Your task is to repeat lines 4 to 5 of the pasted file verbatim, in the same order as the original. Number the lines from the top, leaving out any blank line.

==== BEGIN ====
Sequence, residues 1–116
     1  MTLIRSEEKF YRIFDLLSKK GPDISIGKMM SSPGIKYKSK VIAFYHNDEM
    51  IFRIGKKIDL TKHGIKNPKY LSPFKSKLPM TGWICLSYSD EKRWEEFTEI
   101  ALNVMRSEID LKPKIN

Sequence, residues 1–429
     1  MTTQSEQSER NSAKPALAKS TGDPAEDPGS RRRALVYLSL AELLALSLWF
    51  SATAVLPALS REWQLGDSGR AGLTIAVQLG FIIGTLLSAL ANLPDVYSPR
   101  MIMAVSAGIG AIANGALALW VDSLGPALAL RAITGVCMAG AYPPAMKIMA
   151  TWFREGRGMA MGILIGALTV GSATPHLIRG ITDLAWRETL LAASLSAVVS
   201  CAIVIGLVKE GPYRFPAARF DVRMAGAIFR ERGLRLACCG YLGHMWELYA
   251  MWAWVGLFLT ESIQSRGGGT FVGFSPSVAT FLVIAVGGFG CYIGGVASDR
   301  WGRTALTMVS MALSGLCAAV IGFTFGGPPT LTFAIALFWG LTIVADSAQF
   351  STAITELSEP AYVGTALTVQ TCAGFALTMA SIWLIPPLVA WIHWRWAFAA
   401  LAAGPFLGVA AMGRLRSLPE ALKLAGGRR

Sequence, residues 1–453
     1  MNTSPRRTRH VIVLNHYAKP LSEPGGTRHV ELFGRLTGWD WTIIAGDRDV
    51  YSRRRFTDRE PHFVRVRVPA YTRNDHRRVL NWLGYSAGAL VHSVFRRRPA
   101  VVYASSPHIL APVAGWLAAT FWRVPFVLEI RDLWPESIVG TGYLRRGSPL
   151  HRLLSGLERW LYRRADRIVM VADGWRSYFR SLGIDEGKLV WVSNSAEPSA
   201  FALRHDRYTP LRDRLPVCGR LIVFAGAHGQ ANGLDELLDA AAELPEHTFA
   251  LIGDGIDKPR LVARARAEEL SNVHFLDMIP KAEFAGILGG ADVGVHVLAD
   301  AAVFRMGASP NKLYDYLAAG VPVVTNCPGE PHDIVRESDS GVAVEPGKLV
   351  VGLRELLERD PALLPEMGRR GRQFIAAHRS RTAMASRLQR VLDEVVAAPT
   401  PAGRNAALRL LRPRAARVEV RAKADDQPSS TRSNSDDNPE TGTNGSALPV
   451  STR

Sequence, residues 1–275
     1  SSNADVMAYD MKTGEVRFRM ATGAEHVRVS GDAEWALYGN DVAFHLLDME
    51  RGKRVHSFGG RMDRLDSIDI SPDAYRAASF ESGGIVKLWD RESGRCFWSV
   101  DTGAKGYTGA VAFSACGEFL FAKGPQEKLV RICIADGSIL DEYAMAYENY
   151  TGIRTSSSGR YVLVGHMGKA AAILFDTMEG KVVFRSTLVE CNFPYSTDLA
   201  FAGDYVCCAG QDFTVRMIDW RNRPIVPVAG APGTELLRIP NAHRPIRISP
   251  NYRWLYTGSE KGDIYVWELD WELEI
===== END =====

   101  ALNVMRSEID LKPKIN

Sequence, residues 1–429